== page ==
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EXCLUSIVE: Owner of old hospital takes city to court over 'illegal' bylaw

Court battle latest chapter in saga of former downtown hospital sites; City Hall accused of 'exercising authority it does not have' by demanding 24/7 security and $2M insurance

The owner of the former General and Plummer hospital sites is looking to the courts to stop the City of Sault Ste. Marie from enforcing an “illegal” part of its own property standards bylaw at the waterfront properties.   

Court documents obtained by SooToday reveal that Leisure Meadows Community Living Inc. filed an application with the Ontario Superior Court of Justice on May 2, requesting an injunction to prevent the enforcement of provisions within the bylaw regarding vacant, demolished and damaged buildings. 

The real estate developer is also seeking a declaration from the City of Sault Ste. Marie that the portion of its property standards bylaw that’s being called into question is “vague, illegal and unenforceable.” 

A court hearing on the matter is slated for July 20. 

According to court documents, Leisure Meadows was slapped with two bylaw notices — one for 941 Queen Street East and one for 995 Queen Street East — in late-November of last year. 

Both notices stated that neither the former general hospital nor the former Plummer renal unit conformed to the city’s property standards bylaw on the grounds they were being “accessed by unauthorized entry despite responding efforts by the property manager to secure it.” 

The notices ordered Leisure Meadows to provide security personnel to monitor the building — 24 hours a day, seven days a week — and to keep records. The company was also ordered to show the city proof it had obtained no less than $2 million worth of liability insurance for each building. 

The pair of notices advised the company that the City of Sault Ste. Marie “may correct such violations at the expense of the owner” if the violations weren’t remedied by the December 16, 2022 deadline.

As SooToday reported earlier this week, Leisure Meadows has hired Winmar property restoration to secure the building and cover up openings and busted windows, as ordered by the city.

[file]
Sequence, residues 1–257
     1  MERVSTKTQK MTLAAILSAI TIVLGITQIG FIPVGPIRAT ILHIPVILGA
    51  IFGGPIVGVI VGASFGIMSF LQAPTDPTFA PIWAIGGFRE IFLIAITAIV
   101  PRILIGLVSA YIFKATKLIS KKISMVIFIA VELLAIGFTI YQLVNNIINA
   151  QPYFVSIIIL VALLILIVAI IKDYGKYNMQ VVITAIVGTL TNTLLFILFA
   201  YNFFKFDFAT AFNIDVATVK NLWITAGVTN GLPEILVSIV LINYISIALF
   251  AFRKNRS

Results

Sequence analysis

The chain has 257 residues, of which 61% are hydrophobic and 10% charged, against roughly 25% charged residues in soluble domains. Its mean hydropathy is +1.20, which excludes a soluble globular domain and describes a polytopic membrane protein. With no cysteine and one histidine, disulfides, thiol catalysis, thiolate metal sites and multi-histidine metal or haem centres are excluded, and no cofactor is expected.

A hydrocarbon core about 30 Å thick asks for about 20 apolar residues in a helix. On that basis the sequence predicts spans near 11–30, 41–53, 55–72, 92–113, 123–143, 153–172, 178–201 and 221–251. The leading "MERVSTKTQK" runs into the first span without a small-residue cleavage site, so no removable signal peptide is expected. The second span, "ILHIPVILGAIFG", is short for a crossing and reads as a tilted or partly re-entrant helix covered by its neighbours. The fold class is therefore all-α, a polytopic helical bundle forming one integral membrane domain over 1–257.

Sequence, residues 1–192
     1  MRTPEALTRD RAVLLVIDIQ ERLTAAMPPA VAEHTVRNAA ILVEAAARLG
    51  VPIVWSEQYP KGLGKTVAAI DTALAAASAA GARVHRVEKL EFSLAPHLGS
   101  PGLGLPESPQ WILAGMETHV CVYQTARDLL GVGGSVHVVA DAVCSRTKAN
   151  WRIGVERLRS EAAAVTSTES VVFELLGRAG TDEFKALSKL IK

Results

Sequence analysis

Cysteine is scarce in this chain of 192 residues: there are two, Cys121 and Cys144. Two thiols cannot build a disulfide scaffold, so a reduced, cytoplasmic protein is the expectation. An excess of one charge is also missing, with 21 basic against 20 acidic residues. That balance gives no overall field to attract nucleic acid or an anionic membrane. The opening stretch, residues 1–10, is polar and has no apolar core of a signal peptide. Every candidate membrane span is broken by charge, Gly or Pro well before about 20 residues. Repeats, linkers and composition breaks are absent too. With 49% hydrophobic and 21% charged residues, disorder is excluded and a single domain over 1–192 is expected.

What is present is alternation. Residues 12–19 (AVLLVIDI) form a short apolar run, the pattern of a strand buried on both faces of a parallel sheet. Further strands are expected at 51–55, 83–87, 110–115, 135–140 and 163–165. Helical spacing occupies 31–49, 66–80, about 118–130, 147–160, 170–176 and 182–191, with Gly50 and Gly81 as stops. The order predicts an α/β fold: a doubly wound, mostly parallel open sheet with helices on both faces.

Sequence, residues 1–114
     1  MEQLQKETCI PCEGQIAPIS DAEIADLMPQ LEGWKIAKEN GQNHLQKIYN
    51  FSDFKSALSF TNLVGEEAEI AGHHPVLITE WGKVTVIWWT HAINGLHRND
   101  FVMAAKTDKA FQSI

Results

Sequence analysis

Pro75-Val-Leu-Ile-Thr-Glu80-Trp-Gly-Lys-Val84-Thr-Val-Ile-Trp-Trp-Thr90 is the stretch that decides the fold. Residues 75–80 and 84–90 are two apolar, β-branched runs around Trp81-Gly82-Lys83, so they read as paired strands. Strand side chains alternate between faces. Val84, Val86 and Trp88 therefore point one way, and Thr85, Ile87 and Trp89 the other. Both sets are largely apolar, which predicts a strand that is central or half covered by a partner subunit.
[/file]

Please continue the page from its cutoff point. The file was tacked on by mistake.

Amendments made to the city’s property standards bylaw in 2021 state that provisions surrounding vacant buildings are authorized under sections of both the Building Code Act and Municipal Act. 

But Leisure Meadows doesn’t believe that’s the case. 

In its court application, the company claims the Building Code Act contains no provisions for vacant buildings, let alone obtaining “insurance, monitoring or security personnel.”

It also takes issue with a provision permitting the city to enter and secure a building “against unauthorized entry without prior notice or order.” The company claims the city’s provision goes against the Building Code Act, which provides for a process to be followed where a building has to be deemed unsafe by an inspector. 

Leisure Meadows goes on to claim that a provision within the 2021 amendments to the city's property standards bylaw allowing for a vacant building to be demolished is not within the power of the municipality. 

To sum it up, the developer argues the municipality is “exercising authority it does not have” by enforcing its “illegal” provisions dealing with vacant buildings.

Leisure Meadows also believes the bylaw provisions dealing with vacant buildings should be declared “void for uncertainty” because the city’s definition of vacant buildings is “vague,” and the requirements do not distinguish between “permissible and impermissible conduct and do not sufficiently delineate or limit enforcement discretion.”

A forthcoming affidavit from Italo Ferrari, the general manager and public face of Leisure Meadows Community Living Inc., is expected to be used as evidence during the court hearing later this summer.

The city has yet to file a written response to the court application.

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James Hopkin

About the Author: James Hopkin

James Hopkin is a reporter for SooToday in Sault Ste. Marie
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